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Reactions to Ned Yost’s retirement

The baseball world reflects on Ned’s tenure.

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2019 MLB in Omaha: Detroit Tigers v. Kansas City Royals Photo by Alex Trautwig/MLB via Getty Images

Ned Yost has announced his retirement, effective at the end of the season. He had his critics over the years, but Yost won two pennants and a World Series and more games than any other manager in Royals history. Here is a summary of reactions around baseball.

Sam Mellinger remember’s Ned as a manager that believed in his players.

His greatest strength as the Royals’ manager has been belief. He overwhelms players with belief. He defends them without fail publicly, and the basic question he asks himself before making strategic decisions has always been what will instill the most belief.

That’s why he somewhat famously refused to pinch hit for Alcides Escobar, why he let Escobar play everyday even as a day of rest may have helped, and why he made Escobar a leadoff hitter when it made not even a crumb of logical sense.

It’s why he prefers defined bullpen roles, why he’d often remove a starting pitcher before the statistical possibility of him taking a loss existed, and why he dumped the old-school idea that players shouldn’t blast music in the clubhouse or celebrate big plays or even routine wins.

Yost’s decision-making chart is plain: Will this create more confidence for the players? If yes, do it. If no, start over.

At Baseball Prospecuts, Craig Brown highlights Yost’s strenght as a skipper.

“Pinch-hitting for guys gets in their dome,” Yost, who announced Monday he would retire at season’s end, told the beat writers following the game. “And you don’t want to get in their dome in the second game… It’s hard for (fans) to understand it. But that plays a big part in it, them having confidence in knowing that the manager has confidence in them in those situations.”

Confidence. No one realized it at the time, but that was the masterplan behind what was known in Kansas City as The Process. Confidence. The belief that, because the manager has faith in you and your abilities, you can get the job done. Managing is so much more than filling out a lineup card and walking out to the mound to pull a struggling pitcher. It’s about instilling confidence in the assembled roster that they can play the game as well as anyone.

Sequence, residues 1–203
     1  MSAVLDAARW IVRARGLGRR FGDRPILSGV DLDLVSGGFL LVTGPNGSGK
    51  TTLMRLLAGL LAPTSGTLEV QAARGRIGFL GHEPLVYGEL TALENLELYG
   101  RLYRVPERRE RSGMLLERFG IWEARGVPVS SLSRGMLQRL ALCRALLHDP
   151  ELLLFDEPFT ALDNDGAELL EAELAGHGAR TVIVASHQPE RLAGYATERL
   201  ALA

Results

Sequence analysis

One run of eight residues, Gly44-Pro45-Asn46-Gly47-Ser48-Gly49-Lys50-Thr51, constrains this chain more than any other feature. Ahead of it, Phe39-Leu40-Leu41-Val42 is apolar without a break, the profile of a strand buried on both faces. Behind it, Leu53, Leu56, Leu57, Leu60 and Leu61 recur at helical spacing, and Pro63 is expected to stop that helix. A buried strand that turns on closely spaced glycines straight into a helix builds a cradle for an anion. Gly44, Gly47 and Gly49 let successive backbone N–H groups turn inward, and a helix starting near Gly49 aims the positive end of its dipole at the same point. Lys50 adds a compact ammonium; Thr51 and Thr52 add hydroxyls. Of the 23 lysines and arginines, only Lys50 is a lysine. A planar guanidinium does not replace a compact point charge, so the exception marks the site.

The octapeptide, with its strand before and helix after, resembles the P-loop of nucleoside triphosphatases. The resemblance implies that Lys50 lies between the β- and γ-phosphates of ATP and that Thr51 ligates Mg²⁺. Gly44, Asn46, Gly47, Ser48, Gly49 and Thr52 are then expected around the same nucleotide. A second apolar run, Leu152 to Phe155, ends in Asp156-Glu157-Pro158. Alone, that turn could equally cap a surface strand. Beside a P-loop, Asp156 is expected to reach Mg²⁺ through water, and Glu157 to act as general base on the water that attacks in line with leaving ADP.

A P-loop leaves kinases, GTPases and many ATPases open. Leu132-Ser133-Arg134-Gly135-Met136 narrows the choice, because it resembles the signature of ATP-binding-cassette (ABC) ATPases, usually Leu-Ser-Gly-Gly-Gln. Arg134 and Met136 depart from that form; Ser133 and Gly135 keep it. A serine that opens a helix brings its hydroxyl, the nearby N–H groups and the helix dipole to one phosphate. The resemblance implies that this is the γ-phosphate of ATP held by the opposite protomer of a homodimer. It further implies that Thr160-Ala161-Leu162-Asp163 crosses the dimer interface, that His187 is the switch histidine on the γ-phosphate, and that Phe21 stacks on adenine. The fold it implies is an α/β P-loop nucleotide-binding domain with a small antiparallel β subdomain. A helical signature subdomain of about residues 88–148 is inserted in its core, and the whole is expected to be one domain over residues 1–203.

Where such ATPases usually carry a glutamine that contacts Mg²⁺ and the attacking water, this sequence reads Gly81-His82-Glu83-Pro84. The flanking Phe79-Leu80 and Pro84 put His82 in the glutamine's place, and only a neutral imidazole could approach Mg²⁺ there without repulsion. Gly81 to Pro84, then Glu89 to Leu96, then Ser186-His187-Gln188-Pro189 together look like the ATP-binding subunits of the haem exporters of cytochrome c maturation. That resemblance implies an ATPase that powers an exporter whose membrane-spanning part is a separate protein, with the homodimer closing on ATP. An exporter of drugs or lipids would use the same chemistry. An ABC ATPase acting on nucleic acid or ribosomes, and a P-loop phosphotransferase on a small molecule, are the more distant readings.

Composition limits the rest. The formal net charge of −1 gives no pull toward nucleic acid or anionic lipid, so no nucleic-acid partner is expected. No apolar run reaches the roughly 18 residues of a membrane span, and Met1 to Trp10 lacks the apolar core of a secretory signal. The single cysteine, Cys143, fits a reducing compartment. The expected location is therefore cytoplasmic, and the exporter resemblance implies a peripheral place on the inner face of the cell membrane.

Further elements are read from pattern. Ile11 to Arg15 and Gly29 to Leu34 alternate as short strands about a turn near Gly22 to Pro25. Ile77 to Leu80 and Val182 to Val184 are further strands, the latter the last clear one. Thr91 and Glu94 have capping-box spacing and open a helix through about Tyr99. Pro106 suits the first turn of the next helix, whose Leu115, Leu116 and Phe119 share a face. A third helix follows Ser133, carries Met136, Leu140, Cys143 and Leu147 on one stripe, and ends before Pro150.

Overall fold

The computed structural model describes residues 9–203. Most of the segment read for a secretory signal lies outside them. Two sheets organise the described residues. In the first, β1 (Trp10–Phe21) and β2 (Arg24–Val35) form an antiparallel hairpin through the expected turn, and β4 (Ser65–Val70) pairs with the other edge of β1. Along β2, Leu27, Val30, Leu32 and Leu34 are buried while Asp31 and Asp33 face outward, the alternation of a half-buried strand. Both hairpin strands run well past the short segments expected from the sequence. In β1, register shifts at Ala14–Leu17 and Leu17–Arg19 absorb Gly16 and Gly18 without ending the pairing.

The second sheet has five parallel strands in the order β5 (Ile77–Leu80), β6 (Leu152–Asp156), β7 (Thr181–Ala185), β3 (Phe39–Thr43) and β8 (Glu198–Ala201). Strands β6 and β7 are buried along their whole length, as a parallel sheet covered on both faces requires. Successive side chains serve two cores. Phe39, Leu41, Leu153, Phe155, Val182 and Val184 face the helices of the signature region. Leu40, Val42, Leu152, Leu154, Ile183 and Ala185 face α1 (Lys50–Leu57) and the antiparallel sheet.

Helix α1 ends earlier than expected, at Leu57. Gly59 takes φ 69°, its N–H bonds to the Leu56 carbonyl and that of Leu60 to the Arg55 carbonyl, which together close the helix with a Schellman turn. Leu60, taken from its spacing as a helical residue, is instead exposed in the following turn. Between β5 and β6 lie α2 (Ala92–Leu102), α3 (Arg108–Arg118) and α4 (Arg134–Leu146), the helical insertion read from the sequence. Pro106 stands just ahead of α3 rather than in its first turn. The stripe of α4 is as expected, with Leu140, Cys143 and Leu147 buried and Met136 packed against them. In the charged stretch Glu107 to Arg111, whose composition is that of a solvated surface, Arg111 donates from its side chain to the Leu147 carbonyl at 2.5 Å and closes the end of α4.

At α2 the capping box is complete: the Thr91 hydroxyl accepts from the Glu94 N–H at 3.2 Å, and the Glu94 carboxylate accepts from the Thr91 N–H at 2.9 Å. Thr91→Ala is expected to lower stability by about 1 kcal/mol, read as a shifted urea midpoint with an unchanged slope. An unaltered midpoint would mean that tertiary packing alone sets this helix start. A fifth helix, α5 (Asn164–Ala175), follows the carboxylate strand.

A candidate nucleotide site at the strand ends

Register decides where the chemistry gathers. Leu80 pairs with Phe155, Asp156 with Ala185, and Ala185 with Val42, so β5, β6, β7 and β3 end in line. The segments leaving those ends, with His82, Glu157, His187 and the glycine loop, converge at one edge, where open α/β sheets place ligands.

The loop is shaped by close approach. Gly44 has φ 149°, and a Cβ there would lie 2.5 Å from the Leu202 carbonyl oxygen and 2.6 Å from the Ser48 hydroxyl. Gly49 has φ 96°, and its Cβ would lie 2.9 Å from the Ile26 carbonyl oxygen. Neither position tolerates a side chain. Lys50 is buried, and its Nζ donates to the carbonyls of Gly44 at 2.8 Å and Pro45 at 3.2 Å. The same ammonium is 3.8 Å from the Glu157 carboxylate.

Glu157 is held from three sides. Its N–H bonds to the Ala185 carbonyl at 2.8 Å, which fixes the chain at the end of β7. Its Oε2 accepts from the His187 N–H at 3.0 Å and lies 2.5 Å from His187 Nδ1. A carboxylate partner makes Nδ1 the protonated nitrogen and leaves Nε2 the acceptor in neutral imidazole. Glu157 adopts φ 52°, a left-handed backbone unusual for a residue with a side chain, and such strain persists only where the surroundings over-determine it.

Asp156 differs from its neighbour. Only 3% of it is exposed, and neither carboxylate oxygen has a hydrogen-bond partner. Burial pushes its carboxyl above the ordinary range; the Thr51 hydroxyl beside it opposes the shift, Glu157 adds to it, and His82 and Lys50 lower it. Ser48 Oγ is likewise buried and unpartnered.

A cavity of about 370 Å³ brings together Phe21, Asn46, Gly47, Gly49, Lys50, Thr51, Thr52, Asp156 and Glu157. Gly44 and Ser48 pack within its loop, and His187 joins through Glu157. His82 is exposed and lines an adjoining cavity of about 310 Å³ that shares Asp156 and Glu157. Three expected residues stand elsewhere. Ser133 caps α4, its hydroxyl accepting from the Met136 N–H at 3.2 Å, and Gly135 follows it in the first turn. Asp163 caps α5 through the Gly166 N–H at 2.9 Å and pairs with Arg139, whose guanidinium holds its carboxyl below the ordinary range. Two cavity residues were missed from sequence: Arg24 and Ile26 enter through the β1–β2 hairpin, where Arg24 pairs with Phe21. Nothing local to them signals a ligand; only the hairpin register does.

Brendan Gawlowski at Fangraphs remembers Yost as a skipper that could guide young players.

He also had a steady hand with young players. In Milwaukee and Kansas City, he helped turn perennially losing teams into playoff-caliber squads, happily shepherding young talents through the inevitable growing pains. Notably, a number of highly touted prospects who began their big league careers slowly — Eric Hosmer, Alex Gordon, Mike Moustakas, Jorge Soler, and Adalberto Mondesi among them — eventually blossomed. Might they have done so sooner under another manager? Perhaps, perhaps not. Regardless, most of the best prospects under Yost’s watch figured things out eventually.

Andy McCullough recalls his time with Yost as a beat writer with the Royals.

Yost often disliked the questions I asked. I can see why. I was 26, but I felt like I understood the game. It seemed clear to me that Yost was behind the sport’s curve in a variety of ways. And it was clear to Yost that I felt that way.

A few months later, the Royals became the first team since 1954 to win a game by scoring all four of their runs from sacrifice flies.

“See, Andy?” Yost said. “My lineup made history.”

Alec Lewis talked to Yost’s son, Ned Yost IV about his dad’s retirement.

“I think the past one or two years, he’s been thinking about winding it down and trying to pinpoint a time,” Yost IV said. “And I know he wanted to see this organization back on the right track. Obviously, he feels they’re there. I’ve known for a couple of weeks this was going to be his last season. He wanted to keep it a secret until the end. But I’m excited for him. I’m excited he gets time off to do other things besides baseball. It’s a blast. It’s a blessing. But it takes up so much of your life.”

The MLB Central crew chime in on Yost’s retirement.

And Ned received applause from around the baseball world.

Fans remember Ned fondly.


Should the Royals retire Ned Yost’s #3 uniform number?

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